Wednesday, April 16, 2008

Debugging JNI code using Eclipse and Visual Studio

Debugging Java Native Interface code (JNI) can be quite an adventure, but fortunately it works quite nice when you have Eclipse and Visual Studio (and preferrably at least 2 monitors). I have Eclipse on the primary monitor, and Visual Studio on the secondary. This is how it goes:

  1. Start your java program, with a breakpoint before entering the native method you want to debug. You probably want to break after the native code has been loaded, but you don't have to.
  2. Switch to Visual Studio, and bring up the "Attach to process" dialog (Ctrl-Alt-P). Select the java process (javaw.exe or java.exe) by typing "j" (possible several times, epending on how many processes you have starting with the letter "j"). Press return. Visual Studio should now switch to debugging and the title bar should include the test "(Running)", indicating that you are debugging a running process.
  3. Set a breakpoint to cause Visual Studio to stop in your native code.
  4. Switch back to Eclipse, and start running. When eclipse enters your native code, Visual Studio will break the debugged java program. (Eclipse may note that the debugged program is not responding, since it is suspended by Visual Studio).
  5. When you're done debugging, you can "release" the java-program using the "Stop Debugging" command in Visual Studio. This will cause the java program to continue running normally (and terminate, unless Eclipse has a breakpoint on it).

Some things you may want to pay special attention to:

  • Eclipse and Visual Studio have different shortcuts for run/step/step-over, etc. This is a major pain, and I think my muscle memory is permanently damaged when it comes to learning them.
  • You need to keep track of who is debugging. This can be confusing.

People are working on making JDT and CDT cooperate in debugging JNI code, allowing seamless stepping in and out of Java/JNI code and integrated debugger views (callstack with both Java and native frames displayed, for example), but it is still in the early prototyping phase.

6 comments:

fulanito said...

Jesper,

I am trying your technique to debug a JNI method, but when I set a breakpoint in the .cpp file, the VS informs me that the breakpoint will not be hit because no symbols have been loaded.

When I look at the modules list, I see the remark "Binary was not built with debug information." next to my library.

I use the cl.exe to compile, with -MD -LD arguments to generate the dll. I have tried switching these arguments with -MDd and -LDd, together and each one seperately, to generate the debug info, but not only it doesn´t help, Eclipse fails to load the dll.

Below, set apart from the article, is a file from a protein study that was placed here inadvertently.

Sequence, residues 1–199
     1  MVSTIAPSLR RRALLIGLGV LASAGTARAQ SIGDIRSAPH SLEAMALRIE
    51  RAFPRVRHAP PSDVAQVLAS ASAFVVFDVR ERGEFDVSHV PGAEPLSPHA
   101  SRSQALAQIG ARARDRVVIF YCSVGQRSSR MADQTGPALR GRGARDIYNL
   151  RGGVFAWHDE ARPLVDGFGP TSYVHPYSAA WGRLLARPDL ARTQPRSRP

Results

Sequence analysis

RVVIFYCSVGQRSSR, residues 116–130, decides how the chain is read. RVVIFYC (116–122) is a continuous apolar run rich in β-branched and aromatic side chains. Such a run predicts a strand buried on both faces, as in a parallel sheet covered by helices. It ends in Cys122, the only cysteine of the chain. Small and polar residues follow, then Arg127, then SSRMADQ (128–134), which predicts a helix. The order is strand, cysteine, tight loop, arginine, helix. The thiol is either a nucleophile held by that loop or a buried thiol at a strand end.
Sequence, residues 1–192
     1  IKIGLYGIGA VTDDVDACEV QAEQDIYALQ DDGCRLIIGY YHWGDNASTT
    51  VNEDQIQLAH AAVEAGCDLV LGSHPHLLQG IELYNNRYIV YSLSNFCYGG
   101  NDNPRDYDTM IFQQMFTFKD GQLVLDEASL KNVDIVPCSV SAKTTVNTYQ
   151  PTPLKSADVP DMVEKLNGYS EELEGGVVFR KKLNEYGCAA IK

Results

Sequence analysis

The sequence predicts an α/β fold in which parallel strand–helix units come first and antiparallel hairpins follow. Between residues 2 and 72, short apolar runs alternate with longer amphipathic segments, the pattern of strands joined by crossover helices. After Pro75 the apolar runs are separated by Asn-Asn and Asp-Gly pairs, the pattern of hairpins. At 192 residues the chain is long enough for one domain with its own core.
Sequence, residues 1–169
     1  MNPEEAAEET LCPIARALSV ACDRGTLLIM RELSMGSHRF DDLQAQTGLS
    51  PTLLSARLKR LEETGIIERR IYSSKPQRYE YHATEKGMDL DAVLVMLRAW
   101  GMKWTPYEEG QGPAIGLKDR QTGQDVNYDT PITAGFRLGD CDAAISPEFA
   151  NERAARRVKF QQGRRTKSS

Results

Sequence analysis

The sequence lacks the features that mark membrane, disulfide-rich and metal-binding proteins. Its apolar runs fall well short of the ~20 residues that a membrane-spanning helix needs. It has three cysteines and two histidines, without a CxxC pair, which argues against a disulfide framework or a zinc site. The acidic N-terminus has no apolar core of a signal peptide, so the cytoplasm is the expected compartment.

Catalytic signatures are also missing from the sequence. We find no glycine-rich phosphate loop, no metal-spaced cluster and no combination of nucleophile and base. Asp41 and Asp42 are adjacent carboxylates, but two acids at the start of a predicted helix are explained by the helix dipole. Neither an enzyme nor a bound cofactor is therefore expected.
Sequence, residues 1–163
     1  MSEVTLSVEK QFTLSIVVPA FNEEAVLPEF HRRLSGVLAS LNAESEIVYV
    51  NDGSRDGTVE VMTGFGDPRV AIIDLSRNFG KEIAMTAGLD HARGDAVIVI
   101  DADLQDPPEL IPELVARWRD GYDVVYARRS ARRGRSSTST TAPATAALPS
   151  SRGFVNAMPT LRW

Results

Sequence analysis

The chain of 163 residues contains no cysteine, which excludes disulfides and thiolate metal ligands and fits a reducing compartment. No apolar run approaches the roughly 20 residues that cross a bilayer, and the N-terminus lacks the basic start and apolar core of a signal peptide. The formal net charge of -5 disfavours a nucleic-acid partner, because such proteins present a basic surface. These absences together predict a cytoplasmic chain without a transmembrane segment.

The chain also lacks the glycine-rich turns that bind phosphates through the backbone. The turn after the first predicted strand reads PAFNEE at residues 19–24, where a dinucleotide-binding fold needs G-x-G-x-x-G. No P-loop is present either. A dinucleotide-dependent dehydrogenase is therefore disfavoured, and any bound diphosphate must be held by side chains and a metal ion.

What am I doing wrong?
How should I compile my source in order to use your technique?

Thanks,
Fulanito.

fulanito said...

got it.

just add /Odi /Zi as arguments to cl.exe, and -FdFileName (replace FileName with the actual name of the file, as you choose to call it) if you want to specify the name and location of the .pdb file.

JesperE said...

-MDd and -LDd only affects what type of runtime library to link with. In order to be able to set breakpoints on source code lines you have to build with debug info as well (-Zi), as you discovered.

Yuriy said...

This is pretty common -- you can debug this way any dll launched through somehing you did not built -- in this case Java.exe or javaw.exe. A more chellenging, at least for me, is the situation when you create jvm and start some Java code from there and want to debug it, say, in eclipse. Do you know, or know who knows, how to do it?

mario said...

@Yuriy This is even more common. See http://help.eclipse.org/indigo/index.jsp?topic=%2Forg.eclipse.jdt.doc.user%2Ftasks%2Ftask-remotejava_launch_config.htm

Benjamin Carlyle said...

Thanks,

This technique also works under linux with gdb or a gdb-based debugger. If using gdb directly:
1. Then, start the java program in eclipse and allow it to stop at a breakpoint.
2. Start gdb from the command-line with no arguments, then attach to the java process (be sure to attach to the program being debugged, not to eclipse or another java instance). eg attach 10616 from the gdb prompt.
3. Set any breakpoints you want in gdb
4. Continue in gdb: cont
5. Continue in the eclipse debugger
You should now find the program stopped on the gdb breakpoint.

Benjamin.